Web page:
“In a time when democracy appears to be receding,” he wrote, “and we feel we have no say in the direction of this country, small parties and small people must stand up for what they believe in and offer a fresh alternative to the well-connected careerists, dishonest politicians, and the wealthy elite who dominate the political establishment. I think you will agree that it is only through the increased political participation of ordinary Canadians that our political system can be reclaimed.”
Kieran continues to build opposition to Canada’s unfair and obsolete electoral law. In this election he is behind the project to have many candidates in the riding of St. Boniface—St. Vital (Winnipeg) provide an option to vote for electoral reform. To mobilize people to join in the action, Kieran offered to organize the nomination signature collection and is serving as the official agent for all fourteen candidates.
In the Manitoba riding of St. Boniface — St. Vital, (Winnipeg) fourteen candidates have united to highlight their demand for electoral reform and remind electors about the Trudeau Liberal betrayal of its 2015 election promise to end the first-past-the-post method of counting votes.
The fourteen include Sébastien CoRhino, leader of the Parti Rhinoceros Party and 13 independents. All told there will be 21 candidates on the ballot, including those standing for the Conservatives, Greens, Liberals, NDP, Peoples’ Party, Veterans Coalition Party and a 14th independent.
The initiative was launched by Kieran Szuchewycz and his brother Tom and was successful in capturing national media attention. In a CBC report, Sébastien says, “We have a big problem in our democracy. We have two political parties that have been the government of Canada for 150 years. It’s very easy for the Conservatives and the Liberals to elect MPs, and it’s very hard for other parties.”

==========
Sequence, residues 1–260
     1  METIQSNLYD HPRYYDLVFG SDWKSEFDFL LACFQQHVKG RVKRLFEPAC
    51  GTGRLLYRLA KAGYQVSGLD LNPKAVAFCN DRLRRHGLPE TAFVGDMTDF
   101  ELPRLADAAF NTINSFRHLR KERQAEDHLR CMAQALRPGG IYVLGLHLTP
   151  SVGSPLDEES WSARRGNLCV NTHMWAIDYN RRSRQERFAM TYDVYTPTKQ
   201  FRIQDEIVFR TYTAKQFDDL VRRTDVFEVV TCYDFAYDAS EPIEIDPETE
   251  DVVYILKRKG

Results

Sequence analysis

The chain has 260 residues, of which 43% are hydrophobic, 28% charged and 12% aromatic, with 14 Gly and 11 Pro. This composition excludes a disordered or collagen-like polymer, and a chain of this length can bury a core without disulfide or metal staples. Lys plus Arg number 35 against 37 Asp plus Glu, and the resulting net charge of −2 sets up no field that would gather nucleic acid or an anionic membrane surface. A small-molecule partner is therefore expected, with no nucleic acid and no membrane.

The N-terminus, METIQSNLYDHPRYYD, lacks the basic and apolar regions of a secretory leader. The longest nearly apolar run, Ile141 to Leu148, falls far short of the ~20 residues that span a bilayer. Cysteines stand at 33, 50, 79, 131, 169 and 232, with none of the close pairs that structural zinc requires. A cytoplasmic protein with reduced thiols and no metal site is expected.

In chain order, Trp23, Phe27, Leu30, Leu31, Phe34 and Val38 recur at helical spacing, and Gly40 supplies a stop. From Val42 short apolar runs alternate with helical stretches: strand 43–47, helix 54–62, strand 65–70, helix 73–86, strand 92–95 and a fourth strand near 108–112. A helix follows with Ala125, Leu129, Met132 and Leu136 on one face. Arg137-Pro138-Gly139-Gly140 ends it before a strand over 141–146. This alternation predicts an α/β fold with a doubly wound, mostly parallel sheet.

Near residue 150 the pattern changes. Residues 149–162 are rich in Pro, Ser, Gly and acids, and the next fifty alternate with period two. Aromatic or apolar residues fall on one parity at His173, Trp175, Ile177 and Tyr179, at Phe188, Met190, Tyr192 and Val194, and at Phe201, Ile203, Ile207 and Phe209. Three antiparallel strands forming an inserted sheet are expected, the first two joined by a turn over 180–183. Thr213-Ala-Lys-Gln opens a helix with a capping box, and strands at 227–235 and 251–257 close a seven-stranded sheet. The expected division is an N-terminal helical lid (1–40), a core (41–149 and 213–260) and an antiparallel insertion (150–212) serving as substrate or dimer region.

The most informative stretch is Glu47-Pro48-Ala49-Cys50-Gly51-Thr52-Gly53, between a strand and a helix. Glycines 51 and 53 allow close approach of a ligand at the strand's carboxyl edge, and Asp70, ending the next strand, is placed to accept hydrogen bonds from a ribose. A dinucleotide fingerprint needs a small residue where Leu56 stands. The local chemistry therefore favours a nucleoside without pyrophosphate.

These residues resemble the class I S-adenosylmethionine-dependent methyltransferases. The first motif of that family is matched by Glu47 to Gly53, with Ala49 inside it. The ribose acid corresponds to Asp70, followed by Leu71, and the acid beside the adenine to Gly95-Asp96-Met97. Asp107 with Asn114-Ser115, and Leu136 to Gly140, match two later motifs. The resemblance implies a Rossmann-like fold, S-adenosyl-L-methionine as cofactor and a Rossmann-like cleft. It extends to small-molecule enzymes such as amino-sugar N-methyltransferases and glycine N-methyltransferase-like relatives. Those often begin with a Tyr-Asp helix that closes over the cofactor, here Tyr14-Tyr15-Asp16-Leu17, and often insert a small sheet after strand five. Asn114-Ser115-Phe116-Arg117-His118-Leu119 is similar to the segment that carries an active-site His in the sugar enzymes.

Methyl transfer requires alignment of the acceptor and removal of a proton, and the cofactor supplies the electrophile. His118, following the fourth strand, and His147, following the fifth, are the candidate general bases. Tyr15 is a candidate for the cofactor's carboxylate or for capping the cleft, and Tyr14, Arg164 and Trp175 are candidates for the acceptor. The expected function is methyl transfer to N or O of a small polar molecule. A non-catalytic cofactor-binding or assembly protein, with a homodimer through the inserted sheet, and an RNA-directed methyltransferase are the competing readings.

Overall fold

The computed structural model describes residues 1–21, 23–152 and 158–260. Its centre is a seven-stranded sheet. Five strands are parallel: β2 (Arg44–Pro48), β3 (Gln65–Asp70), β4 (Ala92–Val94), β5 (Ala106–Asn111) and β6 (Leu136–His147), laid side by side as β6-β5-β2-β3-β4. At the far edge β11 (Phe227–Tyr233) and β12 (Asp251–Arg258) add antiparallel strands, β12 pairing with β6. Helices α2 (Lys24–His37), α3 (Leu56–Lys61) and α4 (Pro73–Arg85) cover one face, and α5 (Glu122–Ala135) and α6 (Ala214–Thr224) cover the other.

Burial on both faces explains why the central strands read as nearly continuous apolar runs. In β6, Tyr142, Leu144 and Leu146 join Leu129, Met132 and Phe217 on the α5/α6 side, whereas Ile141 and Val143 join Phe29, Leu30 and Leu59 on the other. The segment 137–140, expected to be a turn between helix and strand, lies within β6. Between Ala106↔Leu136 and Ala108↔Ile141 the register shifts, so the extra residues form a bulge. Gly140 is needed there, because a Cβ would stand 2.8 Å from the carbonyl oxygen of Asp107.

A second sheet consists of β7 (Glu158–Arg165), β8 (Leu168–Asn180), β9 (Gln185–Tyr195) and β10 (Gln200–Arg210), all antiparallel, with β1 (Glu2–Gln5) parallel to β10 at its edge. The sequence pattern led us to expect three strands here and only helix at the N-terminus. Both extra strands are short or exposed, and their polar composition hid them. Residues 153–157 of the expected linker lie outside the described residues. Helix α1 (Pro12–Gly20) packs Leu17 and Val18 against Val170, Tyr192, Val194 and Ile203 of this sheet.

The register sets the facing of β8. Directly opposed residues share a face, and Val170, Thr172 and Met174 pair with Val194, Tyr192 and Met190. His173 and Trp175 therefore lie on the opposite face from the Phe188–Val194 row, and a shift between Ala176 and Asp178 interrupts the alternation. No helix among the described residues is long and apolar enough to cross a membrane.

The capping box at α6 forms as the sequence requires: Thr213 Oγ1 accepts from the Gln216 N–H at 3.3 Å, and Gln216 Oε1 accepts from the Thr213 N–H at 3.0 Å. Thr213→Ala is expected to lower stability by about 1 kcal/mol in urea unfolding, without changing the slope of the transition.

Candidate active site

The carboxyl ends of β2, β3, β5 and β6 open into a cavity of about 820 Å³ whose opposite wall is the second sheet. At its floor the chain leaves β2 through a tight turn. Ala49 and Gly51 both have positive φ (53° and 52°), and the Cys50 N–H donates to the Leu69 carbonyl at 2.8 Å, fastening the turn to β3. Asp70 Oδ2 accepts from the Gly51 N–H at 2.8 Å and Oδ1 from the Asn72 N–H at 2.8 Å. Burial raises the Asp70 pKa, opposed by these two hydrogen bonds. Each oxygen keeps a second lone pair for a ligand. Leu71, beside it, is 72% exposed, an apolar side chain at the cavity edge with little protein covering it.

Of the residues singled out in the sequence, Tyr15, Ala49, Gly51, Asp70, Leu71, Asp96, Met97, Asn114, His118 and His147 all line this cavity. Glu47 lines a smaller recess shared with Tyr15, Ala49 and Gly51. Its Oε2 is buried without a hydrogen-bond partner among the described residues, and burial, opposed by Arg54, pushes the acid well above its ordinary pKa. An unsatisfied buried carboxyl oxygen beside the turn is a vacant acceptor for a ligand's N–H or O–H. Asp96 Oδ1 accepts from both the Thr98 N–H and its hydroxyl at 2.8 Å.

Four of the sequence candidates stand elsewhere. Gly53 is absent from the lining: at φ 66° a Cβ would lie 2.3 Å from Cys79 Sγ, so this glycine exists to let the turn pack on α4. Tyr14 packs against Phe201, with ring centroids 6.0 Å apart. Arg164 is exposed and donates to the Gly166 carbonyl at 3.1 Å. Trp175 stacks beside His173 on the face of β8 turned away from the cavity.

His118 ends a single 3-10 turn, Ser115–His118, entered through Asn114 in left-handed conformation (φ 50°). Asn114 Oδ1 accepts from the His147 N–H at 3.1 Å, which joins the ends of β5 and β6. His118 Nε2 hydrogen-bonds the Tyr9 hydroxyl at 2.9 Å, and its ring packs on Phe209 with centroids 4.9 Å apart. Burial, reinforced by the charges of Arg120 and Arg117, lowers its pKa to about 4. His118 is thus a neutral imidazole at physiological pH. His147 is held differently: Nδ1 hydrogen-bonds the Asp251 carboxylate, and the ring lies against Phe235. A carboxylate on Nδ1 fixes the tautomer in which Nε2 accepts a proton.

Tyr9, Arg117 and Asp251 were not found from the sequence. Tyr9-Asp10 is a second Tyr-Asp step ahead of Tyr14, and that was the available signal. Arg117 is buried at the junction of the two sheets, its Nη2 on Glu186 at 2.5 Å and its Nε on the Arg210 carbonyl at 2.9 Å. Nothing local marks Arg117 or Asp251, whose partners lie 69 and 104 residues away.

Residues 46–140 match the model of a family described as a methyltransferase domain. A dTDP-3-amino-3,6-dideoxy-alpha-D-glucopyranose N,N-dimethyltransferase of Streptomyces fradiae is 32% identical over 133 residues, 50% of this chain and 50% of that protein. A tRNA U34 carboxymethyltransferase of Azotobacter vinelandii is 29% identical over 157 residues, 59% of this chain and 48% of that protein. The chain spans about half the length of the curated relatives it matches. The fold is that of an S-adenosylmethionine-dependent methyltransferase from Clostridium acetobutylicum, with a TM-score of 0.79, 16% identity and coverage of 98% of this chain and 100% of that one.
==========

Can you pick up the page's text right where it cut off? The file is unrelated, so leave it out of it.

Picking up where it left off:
Referring to the 2017 Parliamentary Electoral Reform Committee recommendation for proportional representation, Sebastien stated, The Liberals “just took the report and threw it in the garbage.”
He added that St. Boniface–St. Vital is a good riding for the action because of the historic government betrayal of the Métis after Manitoba entered confederation.
The CBC report also quotes Minister of Northern Affairs Dan Vandal, the riding’s Liberal incumbent candidate who was elected in 2015. Incapable of seriously addressing the Liberal abandonment of its electoral reform promise, he told the CBC, “[The Rhinos] are not a serious party. They’re a fringe party and for some reason or another they think this is amusing.”
According to him, “They’re making a point nobody understands.”
Far from not understanding, all fourteen candidates in St. Boniface — St. Vital have made history by having “the longest federal ballot seen in this country’s 150 year history.”
Read what the organizers of longest ballot Tomas and Kieran Szuchewycz have to say.
Canadians have not forgotten that Justin Trudeau broke his promise to make the 2015 election the last first-past-the-post (FPTP) election. Canadians remain unsatisfied with the archaic and out-of-touch political system which Justin Trudeau and Erin O’Toole call a democracy. An opportunity every few years to vote for the lesser evil is a far cry from what Canadians deserve. Our democracy is one that is designed to keep the voices of ordinary people out and concentrate power in the hands of a few. People feel disillusioned with voting for those that don’t represent them. Instead of accepting apathy and alienation, we decided to do the opposite; and engaged directly with our democracy to make ourselves heard. We now are happy to celebrate our success in creating the longest federal ballot seen in this country’s 150 year history.
We mobilized ordinary Canadians from all walks of life and from a diverse range of political opinions to stand in a single riding at the heart of the country, St. Boniface-St. Vital Winnipeg. We collected nearly 1600 individual nomination signatures from local residents who were excited to see regular people stand up for a better democracy.
Section 3 of the Charter explicitly grants every Canadian the right to stand for election; there is no reason why we should accept our lot just as voters. We can do more. We believe a democracy in which everyday Canadians have a bigger voice will forever remain a distant dream until we start to exercise our democratic rights to their fullest extent and stand up with our own voices against the politicians who seek to speak on our behalf.
Some will call the longest ballot frivolous, inappropriate, or just ballot clutter. We must disagree. There is nothing inappropriate about having regular Canadians exercising their charter rights and engaging directly in politics. The rules and model of our democracy is determined by the winners of the last election; this is neither fair nor democratic. We have shown what a few people can accomplish, and we will continue to work hard to bear pressure on the administrative and conceptual limits of our electoral system until the widespread calls for democratic reform are answered.
Towards a better democracy,
Organizers of the Longest Ballot Tomas & Kieran Szuchewycz